Medicare director Don Berwick will be setting an example that private insurers will follow. As president of the Institute for Health Care Improvement (IHI), Berwick has had great success in showing hospitals, doctors and nurses that they can make their own work environment more efficient, and their work more satisfying  if they collaborate to provide better, safer care at a lower cost. Reform shouldn’t have to be imposed on caregivers. It can happen from the inside. Berwick understands this better than anyone. Between now and 2014, we can prepare for reform, but it will take more than three years to make the deep structural changes needed.

If Liberals want a public option, they should protect reform legislation

Congress is not going to pass a single-payer bill at this point in time. For one, legislators know that the vast majority of the 133 million employees who work at large companies where their employer pays 85% of premiums are quite attached to that perk. Why wouldn’t they want to hold onto it? On average, benefits are better than Medicare’s, and cost sharing is lower.

Why should the rest of us care whether those 133 million hang on to a sweet deal? Because society as a whole benefits as long as those corporations continue funding 85% of the cost of insurance for their workers–including millions of middle-income and low-income Americans. (Under the rules of employer-based insurance, all employees must receive the same deal.) And according to a Kaiser survey, despite the economic downturn, employers remain surprisingly committed to providing benefits: 95 percent of those with 50 or more employees offer insurance. Although they are increasing co-pays, only 2% say they are very likely to drop benefits. This gives us some breathing room, time to bring down health care inflation, before Americans  decide whether they want a single plan for everyone.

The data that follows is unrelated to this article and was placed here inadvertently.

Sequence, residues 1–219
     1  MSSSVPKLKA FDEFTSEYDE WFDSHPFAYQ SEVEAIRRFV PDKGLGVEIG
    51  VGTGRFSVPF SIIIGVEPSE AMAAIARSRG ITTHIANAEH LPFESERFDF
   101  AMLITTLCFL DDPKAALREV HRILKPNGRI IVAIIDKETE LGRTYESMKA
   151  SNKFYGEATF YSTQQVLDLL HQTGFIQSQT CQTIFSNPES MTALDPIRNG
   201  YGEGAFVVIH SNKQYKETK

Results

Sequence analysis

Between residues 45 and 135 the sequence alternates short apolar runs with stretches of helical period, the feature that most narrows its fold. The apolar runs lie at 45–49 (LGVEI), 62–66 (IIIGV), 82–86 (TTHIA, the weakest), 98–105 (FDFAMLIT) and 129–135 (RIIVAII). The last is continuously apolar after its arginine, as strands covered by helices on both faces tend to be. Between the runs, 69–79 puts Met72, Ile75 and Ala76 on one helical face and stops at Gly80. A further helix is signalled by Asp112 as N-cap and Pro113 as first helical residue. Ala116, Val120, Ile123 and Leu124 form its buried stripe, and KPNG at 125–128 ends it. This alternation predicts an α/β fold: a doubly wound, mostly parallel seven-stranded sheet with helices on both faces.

Make no mistake: I’m not disparaging the liberal dream. I’m just saying that it won’t happen in the next few years.

First, we need to realign the financial incentives in our health care system .The reform legislation lays out the blueprint for providing higher quality, more affordable care, but reform will be a process that takes place over time.

As I have suggested in the past, my guess is that sometime before 2014 a public option will be added to the current reform scheme. Under the new regulations, some for-profit insurers are bound to throw in the towel, and I suspect that we will need a public plan to take up the slack in the Exchanges. Ultimately, I expect that a public plan will be open to everyone. When reform legislation included that option beginning in 2014, legislators suggested that employees of large companies would be eligible to join a few years later. If a public plan manages to provide high quality coverage at a reasonable price, more and more families will pick the government plan.

This is the best route to a public health care: let Americans choose it.

But all of this will happen only if we press ahead with reform. Liberals must put their heads down, get behind the Affordable Care Act, and push—as hard as they can.

The alternative is not the status quo—it is something far worse. The situation is deteriorating as I write. Our health care system is heading for a wall. Without reform, even Medicare will run out of money, and you and I will just have to hope against hope that we and our loved ones don’t get sick.

Maggie Mahar is a fellow at The Century Foundation and the author of Money-Driven Medicine: The Real Reason Health Care Costs So Much. She blogs at Health Beat, where this post originally appeared.